LA Faces Spate of Public Corruption Resignations

LA Faces Spate of Public Corruption Resignations

A spate of public corruption resignations has hit Los Angeles, with longtime county sheriff Lee Baca stepping down amidst accusations regarding jail brutality, hiring of personal friends, and inclusion in the sheriff’s department of criminal rejects from other departments. Eighteen of Baca’s deputies have been charged federally. Baca may remain with the Sheriff’s Department as a deputy sheriff, despite the fact that he is 71 years old.

Meanwhile, Los Angeles Department of Water and Power general manager Ron Nichols announced his own resignation on Thursday after failing to show how two nonprofit trusts created with the DWP’s biggest union blew $40 million dollars over the last decade. Nichols has not explained where the money went, even though he oversaw the nonprofit slush funds. Nichols also was in charge of a $162 million computerized billions system, which sent tens of thousands of inaccurate bills to customers, and grabbed cash from people’s bank accounts erroneously.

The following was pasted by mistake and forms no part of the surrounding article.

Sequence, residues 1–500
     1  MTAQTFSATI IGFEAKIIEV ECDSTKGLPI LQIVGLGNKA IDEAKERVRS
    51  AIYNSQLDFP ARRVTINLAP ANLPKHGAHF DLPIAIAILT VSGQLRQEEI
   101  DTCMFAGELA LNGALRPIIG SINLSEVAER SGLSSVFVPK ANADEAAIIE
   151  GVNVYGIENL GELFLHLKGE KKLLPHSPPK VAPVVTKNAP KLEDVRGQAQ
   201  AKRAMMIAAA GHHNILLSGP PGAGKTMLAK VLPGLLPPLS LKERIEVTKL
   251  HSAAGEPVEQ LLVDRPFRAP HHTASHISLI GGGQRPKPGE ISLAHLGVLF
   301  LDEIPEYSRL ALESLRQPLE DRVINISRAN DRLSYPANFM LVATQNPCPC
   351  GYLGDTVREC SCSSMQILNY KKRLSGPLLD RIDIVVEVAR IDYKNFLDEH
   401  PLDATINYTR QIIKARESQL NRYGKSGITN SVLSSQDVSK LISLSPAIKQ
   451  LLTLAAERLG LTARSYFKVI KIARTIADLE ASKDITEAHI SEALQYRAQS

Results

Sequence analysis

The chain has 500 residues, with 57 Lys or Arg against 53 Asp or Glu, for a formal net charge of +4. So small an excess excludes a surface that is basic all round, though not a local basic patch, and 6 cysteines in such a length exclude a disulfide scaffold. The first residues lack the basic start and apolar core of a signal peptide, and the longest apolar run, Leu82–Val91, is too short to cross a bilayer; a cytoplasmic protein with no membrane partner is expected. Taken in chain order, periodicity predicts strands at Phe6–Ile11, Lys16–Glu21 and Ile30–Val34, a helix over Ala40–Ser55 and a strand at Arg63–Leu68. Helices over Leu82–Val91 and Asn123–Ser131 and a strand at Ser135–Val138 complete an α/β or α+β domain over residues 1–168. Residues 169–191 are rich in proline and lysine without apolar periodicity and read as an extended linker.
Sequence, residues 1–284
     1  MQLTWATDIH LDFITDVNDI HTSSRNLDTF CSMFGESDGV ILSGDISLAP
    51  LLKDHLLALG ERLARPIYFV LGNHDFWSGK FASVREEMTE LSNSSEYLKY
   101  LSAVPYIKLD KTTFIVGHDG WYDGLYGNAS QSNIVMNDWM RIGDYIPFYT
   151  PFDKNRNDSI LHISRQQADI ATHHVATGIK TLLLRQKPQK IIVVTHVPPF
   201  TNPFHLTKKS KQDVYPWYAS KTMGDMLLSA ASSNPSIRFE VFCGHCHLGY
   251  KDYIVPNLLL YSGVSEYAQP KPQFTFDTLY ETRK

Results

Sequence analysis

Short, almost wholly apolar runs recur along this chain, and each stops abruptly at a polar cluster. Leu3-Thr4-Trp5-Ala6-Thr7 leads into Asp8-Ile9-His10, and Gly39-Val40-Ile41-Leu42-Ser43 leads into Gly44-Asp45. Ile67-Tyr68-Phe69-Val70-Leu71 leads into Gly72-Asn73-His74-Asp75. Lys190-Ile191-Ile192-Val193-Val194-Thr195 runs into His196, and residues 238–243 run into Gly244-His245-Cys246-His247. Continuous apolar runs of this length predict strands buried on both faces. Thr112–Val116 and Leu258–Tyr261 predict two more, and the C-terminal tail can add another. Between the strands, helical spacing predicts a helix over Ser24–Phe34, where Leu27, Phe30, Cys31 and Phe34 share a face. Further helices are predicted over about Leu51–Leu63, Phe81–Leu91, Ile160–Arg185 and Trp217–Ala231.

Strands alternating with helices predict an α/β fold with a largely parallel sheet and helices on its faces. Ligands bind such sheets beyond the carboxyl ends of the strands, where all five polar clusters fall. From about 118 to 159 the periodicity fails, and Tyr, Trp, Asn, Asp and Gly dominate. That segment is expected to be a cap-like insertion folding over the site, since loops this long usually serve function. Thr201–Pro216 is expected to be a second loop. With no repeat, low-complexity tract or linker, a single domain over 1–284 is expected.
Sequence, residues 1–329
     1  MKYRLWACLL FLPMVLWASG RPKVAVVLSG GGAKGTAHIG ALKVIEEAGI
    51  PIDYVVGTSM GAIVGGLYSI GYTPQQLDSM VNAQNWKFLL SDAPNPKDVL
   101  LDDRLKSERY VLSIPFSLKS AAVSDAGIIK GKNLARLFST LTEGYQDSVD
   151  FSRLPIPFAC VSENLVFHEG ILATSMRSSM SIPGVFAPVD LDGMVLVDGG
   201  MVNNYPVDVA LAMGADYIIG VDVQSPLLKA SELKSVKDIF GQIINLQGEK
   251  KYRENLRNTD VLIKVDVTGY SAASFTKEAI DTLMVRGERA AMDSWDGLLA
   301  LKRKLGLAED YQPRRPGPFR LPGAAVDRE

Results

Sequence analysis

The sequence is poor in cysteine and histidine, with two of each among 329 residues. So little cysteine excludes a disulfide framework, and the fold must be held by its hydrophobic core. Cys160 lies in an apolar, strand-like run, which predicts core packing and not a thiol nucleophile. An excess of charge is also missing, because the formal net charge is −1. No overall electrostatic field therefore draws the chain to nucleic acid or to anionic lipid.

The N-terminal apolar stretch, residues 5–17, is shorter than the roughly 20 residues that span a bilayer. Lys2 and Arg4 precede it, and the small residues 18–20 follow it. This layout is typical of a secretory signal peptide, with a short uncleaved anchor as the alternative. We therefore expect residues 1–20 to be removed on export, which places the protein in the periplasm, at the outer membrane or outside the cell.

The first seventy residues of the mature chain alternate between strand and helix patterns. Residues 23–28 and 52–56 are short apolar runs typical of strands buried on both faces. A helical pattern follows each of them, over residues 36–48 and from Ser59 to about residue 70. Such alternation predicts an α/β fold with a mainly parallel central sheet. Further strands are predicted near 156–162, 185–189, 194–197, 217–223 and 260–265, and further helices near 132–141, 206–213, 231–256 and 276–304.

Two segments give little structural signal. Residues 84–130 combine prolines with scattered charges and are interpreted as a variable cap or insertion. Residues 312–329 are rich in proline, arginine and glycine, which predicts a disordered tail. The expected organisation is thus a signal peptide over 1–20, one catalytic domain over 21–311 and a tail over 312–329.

Nichols’ resignation follows a history of huge turnover at the DWP, where there have been six general managers over the last five years. Nichols is also leaving thanks to the fact that his union buddies supporter Wendy Gruel over current LA mayor Eric Garcetti in the 2012 race.

A major study by the Los Angeles 2020 Commission recently found the city falling into a state of decline, with traffic, poverty, and a “crisis of leadership and direction.”


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